If you now want to go over an extremely remote road where you may not see another car, then go north west of Alice Springs on the Tanami Road for about 140 ks and turn west on the Gary Junction Road to Sandy Blight Junction. Turn left at the junction and go south down the Sandy Blight Junction Road. There is a short detour 20 ks down that takes you to an Aboriginal settlement that has a shop and fuel. The rough section of this road is around 250 ks long. It has flat corrugated surfaces, rocky sections and about 100 ks of sandy surfaces with low sand hills. You will cross the border into Western Australia half way down. It is remote and beautiful but any standard 4wd will do it with ease.

When you come out at the other end, turn back east through Docker River to Uluru and then back on sealed roads to Adelaide.

That should fill in three weeks nicely without rushing. You will need permits from two Aboriginal Land Councils for the Gary Junction Road, the Sandy Blight and to get back to Uluru and I think you will need a one day one for Dalhousie Springs. Ask about that one at the Pink Roadhouse at Oodnadatta. ..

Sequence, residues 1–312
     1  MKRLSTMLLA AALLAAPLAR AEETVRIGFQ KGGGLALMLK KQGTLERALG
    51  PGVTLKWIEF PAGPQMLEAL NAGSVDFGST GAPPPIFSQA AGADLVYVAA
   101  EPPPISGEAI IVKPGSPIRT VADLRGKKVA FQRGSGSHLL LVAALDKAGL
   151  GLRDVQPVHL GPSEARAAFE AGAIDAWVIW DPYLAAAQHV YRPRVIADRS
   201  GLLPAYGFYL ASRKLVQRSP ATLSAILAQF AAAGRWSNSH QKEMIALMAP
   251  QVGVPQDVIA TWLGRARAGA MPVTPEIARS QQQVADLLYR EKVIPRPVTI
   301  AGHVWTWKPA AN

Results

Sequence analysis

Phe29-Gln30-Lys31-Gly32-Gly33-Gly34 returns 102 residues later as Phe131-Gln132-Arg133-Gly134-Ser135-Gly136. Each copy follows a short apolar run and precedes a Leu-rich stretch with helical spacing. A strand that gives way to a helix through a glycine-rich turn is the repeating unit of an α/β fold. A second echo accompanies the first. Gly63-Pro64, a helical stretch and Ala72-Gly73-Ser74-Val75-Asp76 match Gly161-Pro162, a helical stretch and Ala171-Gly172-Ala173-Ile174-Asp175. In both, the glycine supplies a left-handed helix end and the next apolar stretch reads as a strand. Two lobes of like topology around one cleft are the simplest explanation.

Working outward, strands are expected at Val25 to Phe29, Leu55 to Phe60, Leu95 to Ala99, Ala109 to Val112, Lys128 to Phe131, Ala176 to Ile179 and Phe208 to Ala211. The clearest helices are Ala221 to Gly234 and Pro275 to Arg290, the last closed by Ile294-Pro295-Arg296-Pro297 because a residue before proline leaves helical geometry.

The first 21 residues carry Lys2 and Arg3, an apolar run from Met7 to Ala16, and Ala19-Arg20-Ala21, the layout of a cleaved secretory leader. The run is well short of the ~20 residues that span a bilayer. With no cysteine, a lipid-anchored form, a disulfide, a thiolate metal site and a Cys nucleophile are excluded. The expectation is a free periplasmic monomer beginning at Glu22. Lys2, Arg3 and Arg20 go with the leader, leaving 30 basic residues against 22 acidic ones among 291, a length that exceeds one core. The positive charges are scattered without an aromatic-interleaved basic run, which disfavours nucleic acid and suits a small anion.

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Follow Up By: transnamib - Tuesday, Jun 24, 2014 at 03:14

Tuesday, Jun 24, 2014 at 03:14
Thanks 671 for taking the time to give such detailed advice. It certainly helps to have place names and roads/tracks. It also helps to have advice about permits. I am in the early planning stages at the moment and your suggested itinerary sound really interesting.

thanks again.

Mike
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Reply By: transnamib - Saturday, Jun 21, 2014 at 04:22

Saturday, Jun 21, 2014 at 04:22
Many thanks everyone for your very helpful and practical advice - all very useful. Thanks too for kindly replying so quickly.

I suggested three weeks but that was a guess. I could make it four, but as always it is a case of balancing the cost with the benefits. (And I suspect I will want to come back once I have visited.) I will certainly research your suggested routes further. I shall no doubt be asking advice again on finer points as my plans shape up. The key thing for me is to find wilderness routes that can be done solo - I hate convoy driving - without taking foolish risks.

I take the point about hire vehicle small print - same in Namibia and Botswana. Hate hiring really since my truck is fully equipped, but shipping to Oz not really practical.